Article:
With the storm season upon us and the winter months approaching, proper insulation is at its most important. Your home being well-insulated results in energy savings, and ultimately more money in your pocketbook. We will cover the 3 keys areas and 4 insulation materials for your home this coming winter.
Here are 3 keys areas to insulate your home:
- Attic– Ensuring your attic is amply insulated is one of the most cost-effective upgrades you can make to your system’s efficiency. Before insulating, confirm that all attic-to-home air leaks have been completely sealed. Attics are typically insulated using loose-fill or batt insulation. Loose-fill style insulating is slightly more effective than batt when properly installed.
- Ductwork – Insulating the ducts located in unconditioned spaces is vital to the efficiency of your system. The areas of your home which are usually unconditioned include garages, attics, and crawl spaces. The temperatures often found in these areas can register quite a bit higher or lower than that of the conditioned air passing through the ducts. This variance in temperature will negatively impact your conditioned air due to the conductive nature of duct material. For this reason, an incorrectly insulated duct can sacrifice up to 30 percent of the energy being used to heat or cool your home. The ideal insulating style for ducts is to use a rigid fiberboard.
- Foundation – The benefits associated with a properly insulated home foundation include lower heating costs, and the prevention of moisture issues and bug infestation, includes foundation walls, subfloor, crawlspace, and basement walls. If your home has any below-ground rooms, those will usually be much more comfortable as well, courtesy of a correctly insulated foundation. Tread carefully though, the cost of adding to or improving your home’s foundation insulation can be costly due to the invasive nature of the project.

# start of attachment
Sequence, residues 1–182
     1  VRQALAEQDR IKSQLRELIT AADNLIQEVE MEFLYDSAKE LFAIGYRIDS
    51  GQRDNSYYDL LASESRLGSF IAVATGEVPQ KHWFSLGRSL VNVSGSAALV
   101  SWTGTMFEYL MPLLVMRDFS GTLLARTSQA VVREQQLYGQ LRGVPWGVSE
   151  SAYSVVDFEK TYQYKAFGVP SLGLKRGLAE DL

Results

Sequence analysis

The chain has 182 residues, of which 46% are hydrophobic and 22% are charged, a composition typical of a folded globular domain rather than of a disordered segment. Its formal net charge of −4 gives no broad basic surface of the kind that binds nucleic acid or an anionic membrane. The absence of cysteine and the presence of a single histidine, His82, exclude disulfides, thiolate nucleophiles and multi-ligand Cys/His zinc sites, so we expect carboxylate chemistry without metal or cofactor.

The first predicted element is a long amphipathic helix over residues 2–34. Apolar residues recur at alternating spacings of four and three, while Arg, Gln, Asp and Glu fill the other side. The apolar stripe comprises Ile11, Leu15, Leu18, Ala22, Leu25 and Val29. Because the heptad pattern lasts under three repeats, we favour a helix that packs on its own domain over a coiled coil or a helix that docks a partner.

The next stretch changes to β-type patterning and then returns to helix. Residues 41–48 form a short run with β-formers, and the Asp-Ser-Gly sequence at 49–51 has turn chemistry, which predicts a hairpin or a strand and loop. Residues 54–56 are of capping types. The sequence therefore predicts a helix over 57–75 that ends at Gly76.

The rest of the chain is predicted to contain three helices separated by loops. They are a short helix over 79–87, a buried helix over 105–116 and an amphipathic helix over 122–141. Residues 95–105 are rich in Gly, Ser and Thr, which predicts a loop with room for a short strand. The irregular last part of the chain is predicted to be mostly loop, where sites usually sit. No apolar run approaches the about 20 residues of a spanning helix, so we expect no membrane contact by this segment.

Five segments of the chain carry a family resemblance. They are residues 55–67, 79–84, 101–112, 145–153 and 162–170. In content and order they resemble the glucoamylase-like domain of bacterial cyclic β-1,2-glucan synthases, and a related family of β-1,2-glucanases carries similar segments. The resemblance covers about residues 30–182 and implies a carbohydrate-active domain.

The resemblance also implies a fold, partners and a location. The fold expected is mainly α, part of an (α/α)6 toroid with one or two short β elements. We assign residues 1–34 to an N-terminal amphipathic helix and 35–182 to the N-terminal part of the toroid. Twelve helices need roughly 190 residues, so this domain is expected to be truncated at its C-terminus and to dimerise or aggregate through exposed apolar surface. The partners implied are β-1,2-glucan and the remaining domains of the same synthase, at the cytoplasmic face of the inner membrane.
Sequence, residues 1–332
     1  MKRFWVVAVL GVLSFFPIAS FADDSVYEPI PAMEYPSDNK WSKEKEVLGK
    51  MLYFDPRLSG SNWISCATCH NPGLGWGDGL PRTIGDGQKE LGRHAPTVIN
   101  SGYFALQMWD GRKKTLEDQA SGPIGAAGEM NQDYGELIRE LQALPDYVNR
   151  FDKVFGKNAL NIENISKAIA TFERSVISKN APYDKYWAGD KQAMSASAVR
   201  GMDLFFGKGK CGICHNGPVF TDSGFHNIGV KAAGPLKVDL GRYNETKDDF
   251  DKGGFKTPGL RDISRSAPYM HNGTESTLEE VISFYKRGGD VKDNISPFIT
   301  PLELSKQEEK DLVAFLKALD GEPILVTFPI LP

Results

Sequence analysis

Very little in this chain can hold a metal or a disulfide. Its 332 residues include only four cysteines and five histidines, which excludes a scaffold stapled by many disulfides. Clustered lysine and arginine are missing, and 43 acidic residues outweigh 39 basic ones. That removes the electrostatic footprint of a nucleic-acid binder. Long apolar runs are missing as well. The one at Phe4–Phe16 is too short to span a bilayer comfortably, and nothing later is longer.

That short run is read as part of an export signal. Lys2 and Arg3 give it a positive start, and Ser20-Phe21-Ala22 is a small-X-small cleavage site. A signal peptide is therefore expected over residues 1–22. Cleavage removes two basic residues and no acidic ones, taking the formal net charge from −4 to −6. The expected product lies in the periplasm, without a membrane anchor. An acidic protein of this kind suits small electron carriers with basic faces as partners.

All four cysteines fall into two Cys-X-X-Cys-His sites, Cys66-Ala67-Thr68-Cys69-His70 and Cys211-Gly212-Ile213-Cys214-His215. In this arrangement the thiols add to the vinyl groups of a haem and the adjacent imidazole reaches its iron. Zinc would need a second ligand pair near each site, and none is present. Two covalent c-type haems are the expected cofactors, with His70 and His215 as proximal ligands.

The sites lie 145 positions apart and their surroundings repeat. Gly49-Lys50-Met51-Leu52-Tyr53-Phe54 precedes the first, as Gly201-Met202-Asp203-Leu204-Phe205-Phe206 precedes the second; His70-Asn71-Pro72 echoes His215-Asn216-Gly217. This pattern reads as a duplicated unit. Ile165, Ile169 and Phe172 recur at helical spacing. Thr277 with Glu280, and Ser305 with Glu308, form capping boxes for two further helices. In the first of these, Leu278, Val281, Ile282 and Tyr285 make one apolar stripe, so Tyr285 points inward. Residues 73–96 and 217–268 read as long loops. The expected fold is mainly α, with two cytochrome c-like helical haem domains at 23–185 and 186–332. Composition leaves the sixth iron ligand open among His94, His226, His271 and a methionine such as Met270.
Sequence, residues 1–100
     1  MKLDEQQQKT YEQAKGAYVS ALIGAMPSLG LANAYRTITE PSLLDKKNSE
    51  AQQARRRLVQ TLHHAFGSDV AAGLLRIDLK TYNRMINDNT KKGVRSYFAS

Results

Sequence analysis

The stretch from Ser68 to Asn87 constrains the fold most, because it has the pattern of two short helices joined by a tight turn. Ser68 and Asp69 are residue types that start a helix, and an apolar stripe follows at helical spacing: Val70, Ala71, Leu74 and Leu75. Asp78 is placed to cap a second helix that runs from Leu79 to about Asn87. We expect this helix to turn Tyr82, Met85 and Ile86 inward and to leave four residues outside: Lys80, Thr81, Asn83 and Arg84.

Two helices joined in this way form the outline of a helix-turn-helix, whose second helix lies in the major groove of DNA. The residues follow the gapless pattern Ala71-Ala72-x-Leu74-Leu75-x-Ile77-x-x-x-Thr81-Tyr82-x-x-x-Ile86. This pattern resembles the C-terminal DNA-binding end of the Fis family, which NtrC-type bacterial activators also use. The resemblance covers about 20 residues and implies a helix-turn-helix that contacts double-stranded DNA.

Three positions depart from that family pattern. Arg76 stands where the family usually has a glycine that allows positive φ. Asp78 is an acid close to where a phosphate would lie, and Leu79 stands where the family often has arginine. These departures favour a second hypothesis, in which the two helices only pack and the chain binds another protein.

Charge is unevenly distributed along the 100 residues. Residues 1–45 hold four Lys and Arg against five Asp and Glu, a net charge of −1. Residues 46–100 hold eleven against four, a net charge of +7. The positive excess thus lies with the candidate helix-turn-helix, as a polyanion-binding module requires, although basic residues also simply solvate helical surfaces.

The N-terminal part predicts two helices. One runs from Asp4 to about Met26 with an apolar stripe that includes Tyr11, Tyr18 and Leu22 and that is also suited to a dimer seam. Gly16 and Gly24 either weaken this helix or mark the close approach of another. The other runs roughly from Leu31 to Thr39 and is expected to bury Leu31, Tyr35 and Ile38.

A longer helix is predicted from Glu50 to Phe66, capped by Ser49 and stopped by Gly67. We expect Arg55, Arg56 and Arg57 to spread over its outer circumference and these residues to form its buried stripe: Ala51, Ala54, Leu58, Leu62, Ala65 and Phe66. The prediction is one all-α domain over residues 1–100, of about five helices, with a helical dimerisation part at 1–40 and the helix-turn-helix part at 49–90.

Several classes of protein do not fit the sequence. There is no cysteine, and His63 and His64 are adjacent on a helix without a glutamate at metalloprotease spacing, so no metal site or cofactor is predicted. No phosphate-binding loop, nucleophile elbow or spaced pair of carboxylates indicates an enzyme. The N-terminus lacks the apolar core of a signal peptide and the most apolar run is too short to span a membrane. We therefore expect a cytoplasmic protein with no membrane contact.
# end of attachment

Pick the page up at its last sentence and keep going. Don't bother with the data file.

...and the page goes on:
What options do I have for insulation material?
- Fiberglass insulation: The pink stuff
- Foam insulation
- Cotton insulation
- Cellulose insulation
Fiberglass insulation: The pink stuff
The most common type of insulation, fiberglass is made with glass fibers that can break off and be inhaled, causing lung damage, especially to professional installers. Most of it contains phenol-formaldehyde, a substance the Environmental Protection Agency has pegged as a probable human carcinogen. Fortunately, manufacturers have developed ways to eliminate formaldehyde-used as a binder-and to create fiberglass insulation from 30 to 40 percent post-consumer recycled glass content.
Spray foam insulation is an effective insulator with an R-value that ranges from about 3.2 to 7 per inch, the highest insulation rating for materials. It starts as a liquid that’s sprayed or poured into a wall cavity and then expands to fill every nook and cranny. Some foams can be blown only into new walls; others are appropriate for retrofitting. It must be installed by professionals.
Foam insulation stops air leaks and can be used where other insulations can’t, such as in foundations. However, the presence of polyurethane, a plastic, means spray foam insulation isn’t all-natural. Another problem has been that ozone-damaging chlorofluorocarbons (CFCs) were used historically as blowing and foaming agents.
Cementitious foam-a a non-flammable, extremely stable insulation-is made of magnesium oxide derived from seawater. When dry, it’s inert and should have no impact on chemically sensitive people.
Cotton insulation is made from remnants that denim manufacturers and other textile plants otherwise would have thrown away. It’s sold either as loose-fill or in batts, like fiberglass, but without chemical or respiratory irritants.
Like other textile products, cotton insulation is treated with boric acid as a fire retardant, pest repellent, and an anti-fungal agent. Unlike most pest repellents and, boric acid is fairly nontoxic, and provides additional levels of odor control.
Cellulose insulation consists of 80 to 90 percent post-consumer recycled newsprint, cardboard, and paperboard. It’s sometimes applied by making it into a wet newspaper mush and spraying it into open wall cavities; sometimes it’s shredded dry and used in attics as loose-fill. Like cotton, cellulose insulation is often treated with boric acid.
Although cellulose insulation is earth-friendly and benign, some chemically sensitive people are bothered by outgassing from the newsprint ink. Because it’s made of wood fiber, cellulose can absorb more moisture than most other types of insulation. If the wall insulation gets wet often or is unable to dry out, the boric acid could leach out and mold could grow.